Add on to that Photo 50 – a curated exhibition of contemporary and historical photography, a bunch a galleries offering editions, others with books and publications and you have a mish-mash of a fair that aims to please everyone but appeals to nobody.
The first fair of the year in the art world’s most happening city should be an exciting and appealing event. As the easternmost of London’s fairs dozens of London’s most dynamic galleries and artists are virtually within walking distance, but are they here? No – they wouldn’t be seen dead at this old-fashioned event which promotes some left over bits of Modernist art from mid-level galleries (the best Modernist Galleries now keep well away too!) whilst the young and innovative galleries are shunted off to the side in a subterranean limbo.
As for attracting the big buyers, ‘VIP’ pass holders are offered their own lounge with drinks and canapes. This turns out to be a small sweaty, messy and overcrowded room where the canapes get about four feet past the bar before being hoovered up. I don’t think real VIPs would be impressed.
My personal (and what do I know, but I’m going to say anyway…) tips to LAF. Dump the few modernist galleries. Go contemporary. Focus on something – photography, emerging artists, small galleries – anything. If not the LAF horse is well on its way to the knackers yard to be ground in to Tesco art beef burgers, and that would be a sad loss to London’s limited choice of fairs.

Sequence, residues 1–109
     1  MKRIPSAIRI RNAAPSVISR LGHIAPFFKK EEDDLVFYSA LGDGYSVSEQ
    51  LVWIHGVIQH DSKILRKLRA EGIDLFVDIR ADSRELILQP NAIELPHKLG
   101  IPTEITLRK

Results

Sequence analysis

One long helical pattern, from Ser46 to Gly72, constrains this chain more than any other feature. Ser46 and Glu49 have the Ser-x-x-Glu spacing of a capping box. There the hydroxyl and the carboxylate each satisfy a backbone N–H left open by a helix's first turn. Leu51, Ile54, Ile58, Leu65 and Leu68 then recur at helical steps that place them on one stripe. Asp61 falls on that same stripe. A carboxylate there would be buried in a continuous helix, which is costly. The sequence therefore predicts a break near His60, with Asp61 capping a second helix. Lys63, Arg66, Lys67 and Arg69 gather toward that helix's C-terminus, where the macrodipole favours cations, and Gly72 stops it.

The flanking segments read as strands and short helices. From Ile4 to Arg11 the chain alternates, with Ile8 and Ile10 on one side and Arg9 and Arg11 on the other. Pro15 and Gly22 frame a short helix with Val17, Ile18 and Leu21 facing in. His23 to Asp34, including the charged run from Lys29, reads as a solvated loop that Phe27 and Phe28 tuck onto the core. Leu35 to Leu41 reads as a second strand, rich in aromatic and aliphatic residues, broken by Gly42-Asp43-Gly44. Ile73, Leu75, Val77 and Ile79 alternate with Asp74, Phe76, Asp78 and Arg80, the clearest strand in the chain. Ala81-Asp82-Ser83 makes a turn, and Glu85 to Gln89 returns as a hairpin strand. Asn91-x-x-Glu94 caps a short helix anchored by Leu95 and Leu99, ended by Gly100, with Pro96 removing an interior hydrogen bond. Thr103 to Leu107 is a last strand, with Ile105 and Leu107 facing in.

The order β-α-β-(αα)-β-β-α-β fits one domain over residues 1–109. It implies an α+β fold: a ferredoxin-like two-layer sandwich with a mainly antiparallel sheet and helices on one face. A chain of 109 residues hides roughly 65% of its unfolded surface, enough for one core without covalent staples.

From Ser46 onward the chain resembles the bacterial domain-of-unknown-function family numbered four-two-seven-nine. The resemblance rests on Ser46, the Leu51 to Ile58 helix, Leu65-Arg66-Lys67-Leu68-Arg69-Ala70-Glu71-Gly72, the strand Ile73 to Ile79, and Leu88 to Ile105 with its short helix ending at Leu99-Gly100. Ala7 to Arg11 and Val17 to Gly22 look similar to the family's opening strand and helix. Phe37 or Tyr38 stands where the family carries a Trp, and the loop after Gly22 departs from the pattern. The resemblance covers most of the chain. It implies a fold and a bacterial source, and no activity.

Artists from top: Virgilio Ferreira, Alan Davie, Shih Hsiung Chou, Alex Ball. Other than Alan Davie the artists are amongst those featured in this years excellent Catlin Guide.
- London Art Fair: A varied fair full of adventure (telegraph.co.uk)
18 October 2012 § Leave a comment
Another uninspiring Frieze his year. I suppose that once the art world has – like every year – built it up to be the London event of the year there is only one result: some degree of disappointment. Despite this Frieze of course remains the best UK contemporary art fair and a must visit to try at catch a whiff of the zeitgeist of the contemporary art market. Here are a few of the things that caught our eye this year. No particular reason. No particular order. No analyses of who sold what. And most definitely no ‘who was seen where’ nonsense.
A melting Paul McCarthy White Snow Head at Hauser & Wirth.
A Gavin Turk neon door.
Julian Opie‘s rather neat sculptures – and a mosaic.
One of a few large and impressive Wolfgang Tillmans images.
Something made of some substance made by somebody South American (I think?)